If we were able to connect more people on the continent, the boost to trade could be enormous. Apps such as M Farm, which connects buyers with farmers and enable farmers to sell goods at the correct market value, platforms such asGoogle’s Africa Connected, which allows entrepreneurs to use Google products to build their businesses, or Konga, an ecommerce platform known as Nigeria’s biggest online mall, are just two examples of how the internet could fuel trade.

But unlocking the power of the internet is about more than giving people a modem and letting them get on with it. The internet can only kickstart intra-regional trade if connection goes hand in hand with improved education and understanding of the numerous possibilities the internet can offer all levels of entrepreneurs.

There’s a long-standing discussion in Africa and beyond about the importance of STEM subjects. That isn’t the issue here. As we’ve seen in other regions, you don’t need a PhD in computer sciences to make the most of everything the internet has to offer. Instead, what matters is giving people opportunities to learn, create and innovate through affordable and consistent internet access, thereby fostering an entrepreneurial ecosystem. Africans need to go from being consumers of online content to being mass producers of it.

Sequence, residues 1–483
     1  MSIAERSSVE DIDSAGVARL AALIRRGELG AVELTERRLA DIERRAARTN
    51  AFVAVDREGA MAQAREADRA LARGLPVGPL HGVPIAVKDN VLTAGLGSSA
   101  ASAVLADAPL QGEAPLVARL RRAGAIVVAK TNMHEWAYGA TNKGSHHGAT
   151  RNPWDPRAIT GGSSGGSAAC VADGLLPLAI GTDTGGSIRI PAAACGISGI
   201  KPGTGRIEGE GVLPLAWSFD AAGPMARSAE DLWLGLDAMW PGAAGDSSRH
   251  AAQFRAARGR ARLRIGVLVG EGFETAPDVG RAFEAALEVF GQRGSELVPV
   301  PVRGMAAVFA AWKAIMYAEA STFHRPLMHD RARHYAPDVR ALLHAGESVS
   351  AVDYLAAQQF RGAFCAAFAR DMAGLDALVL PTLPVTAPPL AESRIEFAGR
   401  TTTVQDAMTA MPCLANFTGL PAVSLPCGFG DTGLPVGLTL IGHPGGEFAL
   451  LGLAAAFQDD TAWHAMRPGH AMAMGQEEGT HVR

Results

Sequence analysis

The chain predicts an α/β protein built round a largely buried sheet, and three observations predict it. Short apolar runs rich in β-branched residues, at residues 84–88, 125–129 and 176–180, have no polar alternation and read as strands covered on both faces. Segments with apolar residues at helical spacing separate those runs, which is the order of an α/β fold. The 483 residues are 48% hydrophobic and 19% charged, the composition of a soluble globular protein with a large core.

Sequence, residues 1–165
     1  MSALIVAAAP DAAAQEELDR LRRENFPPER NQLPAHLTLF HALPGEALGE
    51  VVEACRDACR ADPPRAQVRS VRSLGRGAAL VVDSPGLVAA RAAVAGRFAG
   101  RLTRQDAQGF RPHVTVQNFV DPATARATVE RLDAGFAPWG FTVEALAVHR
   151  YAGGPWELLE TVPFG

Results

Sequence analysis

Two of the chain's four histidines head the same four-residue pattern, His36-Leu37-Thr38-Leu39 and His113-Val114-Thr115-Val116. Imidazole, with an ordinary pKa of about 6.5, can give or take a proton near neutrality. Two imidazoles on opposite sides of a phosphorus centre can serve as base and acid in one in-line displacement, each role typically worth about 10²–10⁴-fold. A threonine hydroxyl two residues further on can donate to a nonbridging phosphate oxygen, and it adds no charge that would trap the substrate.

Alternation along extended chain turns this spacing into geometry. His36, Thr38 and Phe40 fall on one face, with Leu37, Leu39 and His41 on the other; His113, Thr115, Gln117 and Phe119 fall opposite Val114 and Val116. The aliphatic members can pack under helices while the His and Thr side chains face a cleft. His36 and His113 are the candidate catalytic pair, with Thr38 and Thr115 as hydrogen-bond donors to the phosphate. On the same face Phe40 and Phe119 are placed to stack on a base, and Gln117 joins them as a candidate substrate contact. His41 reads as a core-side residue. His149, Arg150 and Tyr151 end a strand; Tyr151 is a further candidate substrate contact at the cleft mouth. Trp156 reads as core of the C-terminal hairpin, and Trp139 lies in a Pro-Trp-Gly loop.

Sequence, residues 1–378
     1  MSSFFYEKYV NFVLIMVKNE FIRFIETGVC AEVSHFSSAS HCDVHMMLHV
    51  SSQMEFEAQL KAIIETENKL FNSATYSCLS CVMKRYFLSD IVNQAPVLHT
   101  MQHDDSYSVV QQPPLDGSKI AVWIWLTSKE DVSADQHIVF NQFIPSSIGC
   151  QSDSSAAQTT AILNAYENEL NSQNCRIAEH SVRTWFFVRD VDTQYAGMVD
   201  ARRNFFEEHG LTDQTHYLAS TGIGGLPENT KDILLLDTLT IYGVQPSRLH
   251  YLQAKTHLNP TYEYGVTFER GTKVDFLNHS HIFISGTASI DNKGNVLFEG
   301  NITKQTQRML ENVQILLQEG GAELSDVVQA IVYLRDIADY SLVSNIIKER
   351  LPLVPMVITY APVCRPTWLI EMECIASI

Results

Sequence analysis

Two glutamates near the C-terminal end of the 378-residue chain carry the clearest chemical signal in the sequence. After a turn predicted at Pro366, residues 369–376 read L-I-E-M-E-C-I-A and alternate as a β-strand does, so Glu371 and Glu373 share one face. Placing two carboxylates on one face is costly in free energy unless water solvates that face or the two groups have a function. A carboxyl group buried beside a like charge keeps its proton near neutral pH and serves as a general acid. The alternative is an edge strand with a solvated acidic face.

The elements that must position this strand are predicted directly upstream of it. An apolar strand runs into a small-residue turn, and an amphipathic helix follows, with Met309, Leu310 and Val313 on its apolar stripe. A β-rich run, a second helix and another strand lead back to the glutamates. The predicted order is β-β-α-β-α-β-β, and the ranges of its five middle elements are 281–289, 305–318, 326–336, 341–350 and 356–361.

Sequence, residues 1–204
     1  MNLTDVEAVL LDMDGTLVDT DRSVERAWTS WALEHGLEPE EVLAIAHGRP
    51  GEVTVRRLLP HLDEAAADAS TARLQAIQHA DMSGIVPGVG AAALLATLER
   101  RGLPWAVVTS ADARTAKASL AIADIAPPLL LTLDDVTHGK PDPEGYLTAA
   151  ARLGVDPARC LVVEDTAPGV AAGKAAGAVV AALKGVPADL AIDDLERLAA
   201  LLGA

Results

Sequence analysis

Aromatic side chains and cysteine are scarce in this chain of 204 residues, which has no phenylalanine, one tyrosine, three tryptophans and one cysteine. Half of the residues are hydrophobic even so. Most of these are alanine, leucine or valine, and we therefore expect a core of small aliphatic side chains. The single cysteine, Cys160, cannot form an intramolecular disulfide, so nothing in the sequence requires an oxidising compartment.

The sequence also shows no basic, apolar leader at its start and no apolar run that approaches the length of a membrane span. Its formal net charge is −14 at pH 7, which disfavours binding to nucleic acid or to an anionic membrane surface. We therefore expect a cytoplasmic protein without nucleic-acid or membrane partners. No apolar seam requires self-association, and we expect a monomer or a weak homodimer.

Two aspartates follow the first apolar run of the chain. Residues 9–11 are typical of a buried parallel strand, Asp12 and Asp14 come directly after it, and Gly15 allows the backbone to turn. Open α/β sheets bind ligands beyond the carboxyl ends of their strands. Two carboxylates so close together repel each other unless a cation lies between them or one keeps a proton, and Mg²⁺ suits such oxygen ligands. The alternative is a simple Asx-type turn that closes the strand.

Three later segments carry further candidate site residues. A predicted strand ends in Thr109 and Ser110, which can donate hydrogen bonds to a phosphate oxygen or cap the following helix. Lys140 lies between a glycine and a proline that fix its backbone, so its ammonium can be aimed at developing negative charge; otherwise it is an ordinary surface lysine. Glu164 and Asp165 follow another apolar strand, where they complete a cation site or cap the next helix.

Governments must promote competition in the telecommunications sector, harmonize regional laws to ensure digital payments can be made across borders, and facilitate the movement, release and clearance of goods across borders. Technological solutions such as drones might be one way to go.

Trade that fuels progress

We know all too well the opportunities trade can offer for development and growth. Africa is in a unique position in that it has the chance to trade with an untapped market: itself. Nobody is saying that will be easy. But technology will go a long way to making this ambition a reality.